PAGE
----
AVIGNON, France--(BUSINESS WIRE)--Driven by rapid adoption of smartphones and tablets, international consumers of digital media—video, video games, music and books—are moving away from traditional household ownership models to individual rental models, increasing the pressure on content publishers to increase investment and innovation; this according to “The Age of Curation: From Abundance to Discovery,” an eight-country, 6,000 consumer survey and report to be presented on November 21 at the 2013 Forum D’Avignon, by Bain & Company, the global business consulting firm. Key findings include:
- Smartphone ownership in developed markets (the U.S., U.K., France and Germany) jumped from 49 percent on average in 2012 to 64 percent in 2013; while increasing from 24 percent to 37 percent in developing markets (Brazil, Russia, India and China)
- Tablet ownership rose from 18 percent on average in 2012 to 39 percent in 2013 in developed markets; while increasing from 13 percent in 2012 in developing markets to 21 percent this year
- Almost 70 percent of subscribers to online video streaming services in developed markets reported watching more video content today than they did three years ago, and nearly 60 percent of subscribers to streaming music services spend more time listening to music than they did three years ago
Multi-device owners consume more video than average device users
- Approximately 70 percent of multi-device users in developed markets reported that they watch more video than three years ago; while that number drops to 45 percent for average device users
- Eighty-three percent of multi-device users in developing markets said that they watch more video than three years ago, versus roughly two-thirds of average device users in agreement
“Tablets and smartphones are increasingly the 24/7 gateway for viewing, playing and listening on the go,” said Laurent Colombani, a partner in Bain & Company’s Media Practice and lead author of the study. “Tablets and smartphones are driving a discreet disruption in the lives of millions of users who listen to, watch, read and play content on them.”
The report also finds wide variations within markets and formats:
- In the United Kingdom and the United States, 40 percent or more of consumers have read at least one e-book in the past year. In Germany, the rate declines to just over 25 percent, and in France, to under 20 percent
- Online video, including short and long-form content, reaches from over 60 percent to nearly 75 percent of consumers
- Streaming music from services such as Spotify, Google Music, and Pandora has nearly doubled in adoption since 2012. The highest rates are seen in the United States and France (over 40 percent), while adoption in the United Kingdom and Germany lags at 30 percent or under
With these changes in content consumption, “The Age of Curation: From Abundance to Discovery” also identifies changes in how consumers discover content. Over 85 percent of developed market consumers and close to 70 percent of BRICs consumers surveyed use at least one of the major platforms (Amazon, Apple, Google, and Sony) to purchase or view digital content in all formats. In addition, consumers in developed markets reported moving away from critics and professional reviews, instead relying on personalized recommendations from the platforms or on recommendations they discover through their connections on social networks. Fewer than half of consumers depend on professional recommendations, while more than half now prefer recommendations from other consumers. In addition, approximately two-thirds of those surveyed in China and India said that they were willing to provide personal data in exchange for personalized recommendations of video and music. That number drops to roughly 50 percent in the U.S. and U.K., and to less than one-third in France and Germany.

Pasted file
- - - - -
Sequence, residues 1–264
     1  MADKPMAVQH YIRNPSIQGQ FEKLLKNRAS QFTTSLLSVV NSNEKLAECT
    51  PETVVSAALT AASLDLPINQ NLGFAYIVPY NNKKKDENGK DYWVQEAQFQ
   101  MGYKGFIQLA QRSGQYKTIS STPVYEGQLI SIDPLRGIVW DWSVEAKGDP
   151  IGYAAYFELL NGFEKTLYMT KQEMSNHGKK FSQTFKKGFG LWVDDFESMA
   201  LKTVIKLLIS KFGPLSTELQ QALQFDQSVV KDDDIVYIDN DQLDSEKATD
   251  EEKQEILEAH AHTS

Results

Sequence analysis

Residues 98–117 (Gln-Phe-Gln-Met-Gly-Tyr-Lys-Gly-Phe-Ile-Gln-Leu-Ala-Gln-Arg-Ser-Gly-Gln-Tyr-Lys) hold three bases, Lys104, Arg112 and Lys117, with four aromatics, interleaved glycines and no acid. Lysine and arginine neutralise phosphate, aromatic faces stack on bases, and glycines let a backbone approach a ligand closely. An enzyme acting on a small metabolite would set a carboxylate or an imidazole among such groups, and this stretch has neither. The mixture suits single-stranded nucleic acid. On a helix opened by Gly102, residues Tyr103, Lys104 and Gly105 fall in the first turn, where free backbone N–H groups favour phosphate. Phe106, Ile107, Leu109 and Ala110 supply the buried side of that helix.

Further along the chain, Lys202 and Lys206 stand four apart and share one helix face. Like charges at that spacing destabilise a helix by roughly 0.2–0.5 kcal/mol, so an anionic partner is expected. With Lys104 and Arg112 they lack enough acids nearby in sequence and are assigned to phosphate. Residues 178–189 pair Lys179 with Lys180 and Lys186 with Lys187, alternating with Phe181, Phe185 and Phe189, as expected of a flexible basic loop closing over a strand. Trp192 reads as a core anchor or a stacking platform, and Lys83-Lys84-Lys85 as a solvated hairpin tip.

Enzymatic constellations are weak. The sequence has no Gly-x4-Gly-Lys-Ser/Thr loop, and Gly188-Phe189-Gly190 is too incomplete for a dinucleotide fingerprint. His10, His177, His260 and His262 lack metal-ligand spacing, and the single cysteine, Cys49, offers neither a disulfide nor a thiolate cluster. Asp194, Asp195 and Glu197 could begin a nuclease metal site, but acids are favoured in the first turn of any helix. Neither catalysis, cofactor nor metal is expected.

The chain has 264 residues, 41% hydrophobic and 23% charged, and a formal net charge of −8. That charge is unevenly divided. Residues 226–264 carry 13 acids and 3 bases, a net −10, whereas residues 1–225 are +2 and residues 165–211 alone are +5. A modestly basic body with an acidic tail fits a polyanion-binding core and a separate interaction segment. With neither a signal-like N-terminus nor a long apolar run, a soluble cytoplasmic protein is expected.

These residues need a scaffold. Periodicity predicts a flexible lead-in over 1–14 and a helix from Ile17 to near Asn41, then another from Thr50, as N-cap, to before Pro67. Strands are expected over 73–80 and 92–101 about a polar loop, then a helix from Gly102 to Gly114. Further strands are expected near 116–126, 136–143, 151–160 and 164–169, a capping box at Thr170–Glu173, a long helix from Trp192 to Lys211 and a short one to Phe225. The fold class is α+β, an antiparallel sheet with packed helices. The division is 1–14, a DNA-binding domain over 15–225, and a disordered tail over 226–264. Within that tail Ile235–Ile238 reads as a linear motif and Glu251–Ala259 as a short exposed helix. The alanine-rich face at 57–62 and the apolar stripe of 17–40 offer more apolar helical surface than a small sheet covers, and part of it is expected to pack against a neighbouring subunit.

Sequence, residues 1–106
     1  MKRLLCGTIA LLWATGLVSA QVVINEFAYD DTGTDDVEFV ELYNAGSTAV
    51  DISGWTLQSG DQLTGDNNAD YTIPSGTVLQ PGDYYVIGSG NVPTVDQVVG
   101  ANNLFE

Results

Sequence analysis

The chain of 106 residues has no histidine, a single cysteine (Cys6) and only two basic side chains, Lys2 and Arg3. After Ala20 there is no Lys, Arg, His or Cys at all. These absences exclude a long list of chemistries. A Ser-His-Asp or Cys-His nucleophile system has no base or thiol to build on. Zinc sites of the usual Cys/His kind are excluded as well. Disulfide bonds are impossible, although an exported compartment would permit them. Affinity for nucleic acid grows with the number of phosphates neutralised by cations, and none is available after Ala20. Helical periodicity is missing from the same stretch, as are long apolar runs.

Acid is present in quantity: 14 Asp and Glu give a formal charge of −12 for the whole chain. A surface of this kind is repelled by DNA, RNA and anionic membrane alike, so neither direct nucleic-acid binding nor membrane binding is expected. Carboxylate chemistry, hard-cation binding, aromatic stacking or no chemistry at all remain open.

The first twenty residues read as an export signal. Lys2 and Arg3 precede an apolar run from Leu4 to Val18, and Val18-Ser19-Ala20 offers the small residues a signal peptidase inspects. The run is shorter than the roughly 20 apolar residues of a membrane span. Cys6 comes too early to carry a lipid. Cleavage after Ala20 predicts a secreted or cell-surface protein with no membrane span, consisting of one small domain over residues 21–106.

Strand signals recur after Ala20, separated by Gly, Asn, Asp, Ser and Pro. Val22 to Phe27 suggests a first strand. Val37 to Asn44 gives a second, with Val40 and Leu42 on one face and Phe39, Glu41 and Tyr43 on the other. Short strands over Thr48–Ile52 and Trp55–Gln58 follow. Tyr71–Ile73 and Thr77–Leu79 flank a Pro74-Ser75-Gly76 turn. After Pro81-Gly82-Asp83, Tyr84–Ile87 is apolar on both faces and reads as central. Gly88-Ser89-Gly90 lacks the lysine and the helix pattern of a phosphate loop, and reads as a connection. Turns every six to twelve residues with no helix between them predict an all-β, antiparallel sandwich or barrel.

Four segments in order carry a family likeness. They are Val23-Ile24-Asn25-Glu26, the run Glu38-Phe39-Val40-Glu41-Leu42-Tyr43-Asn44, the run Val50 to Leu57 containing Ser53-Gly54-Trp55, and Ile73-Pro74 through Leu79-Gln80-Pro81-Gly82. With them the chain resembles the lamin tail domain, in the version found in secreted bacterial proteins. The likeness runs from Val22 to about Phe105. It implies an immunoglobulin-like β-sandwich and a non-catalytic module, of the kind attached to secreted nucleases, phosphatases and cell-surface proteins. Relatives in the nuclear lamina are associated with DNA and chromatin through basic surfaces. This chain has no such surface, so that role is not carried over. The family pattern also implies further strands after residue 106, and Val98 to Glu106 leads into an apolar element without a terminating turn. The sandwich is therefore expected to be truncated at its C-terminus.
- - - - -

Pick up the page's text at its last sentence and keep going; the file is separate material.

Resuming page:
Finally, the report proposes three main areas of action for publishers to remain relevant even while platforms are encroaching to own the most direct relationships with consumers:
- Investment in original content and gaining a stronger foothold in production: Publishers of all content formats are still in the best position to carry out R&D, content production, audience development and monetization, though platforms such as Netflix are experimenting with their own original content
- Building scale to maintain a differentiated access to talent and funding: Today, media companies can still rely on traditional audiences to monetize marquee content. As a result, they remain in a unique position to build the intellectual property and content libraries that will generate mass audiences today and tomorrow – including on digital platforms
- Embracing data analytics to complement editorial approaches: Publishers must invest in acquiring consumer data capabilities and data-driven approaches for existing marketing, programming and creative processes to compete with the platforms that have more direct access to customer data and behavior
“More than ever, winning strategies will be based on quality original content that stands out in an increasingly crowded marketplace. But they will also require deep, analytical insight into consumer behavior,” concluded Mr. Colombani. “In Bain’s view, blending these two worlds represents both the biggest challenge and the most promising opportunity media companies are facing today.”
Editor’s Note: For a copy of Bain’s “The Age of Curation: From Abundance to Discovery 2013” report or to schedule an interview with Laurent Colombani, please contact Cheryl Krauss at email: email@example.com or +1 646-562-7863, or Frank Pinto at email: firstname.lastname@example.org or +1 917-309-1065. Members of the French media should contact Stephanie Herrmann at email@example.com or +33 1 4455 7765.
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